# Approximating inverse Fourier transform with inverse discrete Fourier transform

Lets say i want to calculate inverse Fourier transform:

$$f(t)=\frac{1}{\sqrt{2\pi}}\int_{-\infty}^{\infty}\exp\left(i\omega t\right)f(\omega)\,\mathrm{d}\omega$$

of function $$f(\omega)$$ that is real positive and defined in positive $$\omega$$ region. Now inverse discrete Fourier transform is defined as:

$$a_m = \frac{1}{n}\sum_{k=0}^{n-1}A_k\exp\left\{2\pi i{mk\over n}\right\} \qquad m = 0,\ldots,n-1$$

I want to use Inverse Fast Fourier Transform (IFFT) routines to perform this transformation numerically. How can i relate these two definitions

## My approach

First thing that comes to my mind is discretization of the first equation. Lets define:

$$\omega_k = k\Delta\omega, \quad \mbox{where } k=0,\ldots,N$$

and

$$t_j = t_0 + j\Delta t.$$

Now I know that there is this Nyquist relation between largest frequency and time steps:

$$f_\mathrm{max} = \frac{\Delta\omega N}{2\pi}=\frac{1}{2\Delta t}.$$

So i think i can write:

$$\Delta t = \frac{\pi}{\Delta \omega }.$$

Finally rewriting continuous Fourier transform as Riemann sum and substituting our definitions i get:

$$\begin{eqnarray} f[t_j] &=& \frac{1}{\sqrt{2\pi}}\sum_{k=0}^{N-1} \exp\left(i\omega_k t_j\right)f(\omega_k)\Delta\omega\\ &=& \frac{\Delta\omega}{\sqrt{2\pi}} \sum_{k=0}^{N-1} \exp\left(i\omega_k t_j\right)f(\omega_k)\Delta\omega\\ &=&\frac{\Delta\omega}{\sqrt{2\pi}}\sum_{k=0}^{N-1}\exp\left(ik\Delta\omega\left(t_{0}+j\frac{\pi}{\Delta\omega N}\right)\right)f(\omega_{k}) \\ &=&\frac{\Delta\omega}{\sqrt{2\pi}}\sum_{k=0}^{N-1}\exp\left(ik\Delta\omega t_{0}\right)\exp\left(i\pi\frac{kj}{N}\right)f(\omega_{k}) \end{eqnarray}$$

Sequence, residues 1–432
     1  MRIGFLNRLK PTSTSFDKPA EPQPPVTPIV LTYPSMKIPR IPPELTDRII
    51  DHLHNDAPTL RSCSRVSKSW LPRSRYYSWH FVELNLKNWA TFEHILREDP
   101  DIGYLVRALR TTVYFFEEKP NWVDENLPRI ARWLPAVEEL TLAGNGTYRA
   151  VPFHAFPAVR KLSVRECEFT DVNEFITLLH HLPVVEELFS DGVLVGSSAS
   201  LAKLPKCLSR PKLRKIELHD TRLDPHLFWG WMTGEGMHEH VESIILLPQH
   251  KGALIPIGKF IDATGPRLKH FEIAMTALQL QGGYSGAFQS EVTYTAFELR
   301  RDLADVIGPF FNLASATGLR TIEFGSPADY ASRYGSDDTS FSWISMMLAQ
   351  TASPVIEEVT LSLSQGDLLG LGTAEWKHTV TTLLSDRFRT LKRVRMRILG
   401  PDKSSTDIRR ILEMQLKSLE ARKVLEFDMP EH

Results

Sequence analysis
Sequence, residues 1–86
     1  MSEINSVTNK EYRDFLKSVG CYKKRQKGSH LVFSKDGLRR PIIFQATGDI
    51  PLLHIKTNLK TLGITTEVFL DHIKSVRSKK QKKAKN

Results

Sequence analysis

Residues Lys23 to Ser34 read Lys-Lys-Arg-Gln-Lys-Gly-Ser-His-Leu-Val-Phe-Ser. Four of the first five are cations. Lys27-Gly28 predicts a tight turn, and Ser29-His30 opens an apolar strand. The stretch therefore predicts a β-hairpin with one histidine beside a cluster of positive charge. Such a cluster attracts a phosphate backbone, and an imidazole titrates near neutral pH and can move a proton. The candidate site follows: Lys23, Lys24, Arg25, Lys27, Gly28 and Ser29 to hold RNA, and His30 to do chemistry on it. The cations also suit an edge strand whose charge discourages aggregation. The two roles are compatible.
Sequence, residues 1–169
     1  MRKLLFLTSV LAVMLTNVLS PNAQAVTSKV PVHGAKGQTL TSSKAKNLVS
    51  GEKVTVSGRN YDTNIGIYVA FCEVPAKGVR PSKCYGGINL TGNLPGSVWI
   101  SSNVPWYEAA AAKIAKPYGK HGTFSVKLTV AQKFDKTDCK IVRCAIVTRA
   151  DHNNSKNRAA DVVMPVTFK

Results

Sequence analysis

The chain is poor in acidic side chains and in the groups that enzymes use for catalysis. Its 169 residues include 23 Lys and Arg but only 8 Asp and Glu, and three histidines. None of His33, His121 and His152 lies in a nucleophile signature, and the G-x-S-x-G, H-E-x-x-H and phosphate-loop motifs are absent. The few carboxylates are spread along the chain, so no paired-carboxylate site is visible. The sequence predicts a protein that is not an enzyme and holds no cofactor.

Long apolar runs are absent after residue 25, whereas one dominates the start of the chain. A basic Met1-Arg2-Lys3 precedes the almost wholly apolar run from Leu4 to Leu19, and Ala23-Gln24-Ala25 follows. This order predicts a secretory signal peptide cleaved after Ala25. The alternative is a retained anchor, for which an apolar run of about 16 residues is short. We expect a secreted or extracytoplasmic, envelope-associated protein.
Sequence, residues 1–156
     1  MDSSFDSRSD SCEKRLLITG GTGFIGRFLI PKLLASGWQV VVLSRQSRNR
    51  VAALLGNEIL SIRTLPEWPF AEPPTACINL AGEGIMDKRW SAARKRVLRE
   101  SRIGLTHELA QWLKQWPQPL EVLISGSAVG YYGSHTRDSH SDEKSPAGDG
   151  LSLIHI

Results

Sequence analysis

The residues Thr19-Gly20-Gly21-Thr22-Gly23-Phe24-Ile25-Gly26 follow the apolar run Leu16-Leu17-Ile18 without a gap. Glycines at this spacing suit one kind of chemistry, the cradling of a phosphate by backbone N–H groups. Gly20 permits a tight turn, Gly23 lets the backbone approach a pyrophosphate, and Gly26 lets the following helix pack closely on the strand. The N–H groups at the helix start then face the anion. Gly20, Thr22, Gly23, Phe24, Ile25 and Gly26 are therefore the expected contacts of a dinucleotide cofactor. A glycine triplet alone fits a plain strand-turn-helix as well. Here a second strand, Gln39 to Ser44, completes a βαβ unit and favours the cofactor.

I don't know how to connect this last expression with definition of IDFT. What i am doing wrong?

• Usually you want to start at $t_0=0$. – user10354138 Nov 10 '18 at 11:28

The reality here is that the FT and DFT are actually two different things. They each have their own consistent theory, but the DFT can only ever be an approximation of the FT. Because of sampling and aliasing, it is easy to find simple cases where the DFT is not "correct" when compared to the FT.

Taking a step back from the math, the mapping between your IFT and IDFT is:

Continuous time $$t$$ in seconds $$\leftrightarrow$$ Discrete time sample index $$m$$ in samples

Continuous radian frequency $$\omega$$ in rad/sec $$\leftrightarrow$$ Discrete radian frequency bin center at $$\dfrac{2\pi k}{n}$$ in rad/sample

To convert your discrete frequency bin index, $$k$$, into a continuous time frequecy, $$f = \dfrac{\omega}{2\pi}$$, you'll use the sampling frequency, $$f_s = \dfrac{1}{\Delta t}$$, thusly:

$$\dfrac{\omega}{2\pi} = f = \dfrac{\frac{f_s}{2}}{\pi}\cdot \dfrac{2\pi k}{n}= \dfrac{f_s}{n}k = \dfrac{k}{n\Delta t}\quad \mathrm{for}\space \dfrac{-n}{2} \le k < \dfrac{n}{2}$$

The range for $$k$$ highlights one way in which the DFT is not the FT: the DFT is cyclic. The frequency indices $$k \ge \dfrac{n}{2}$$ represent negative frequencies.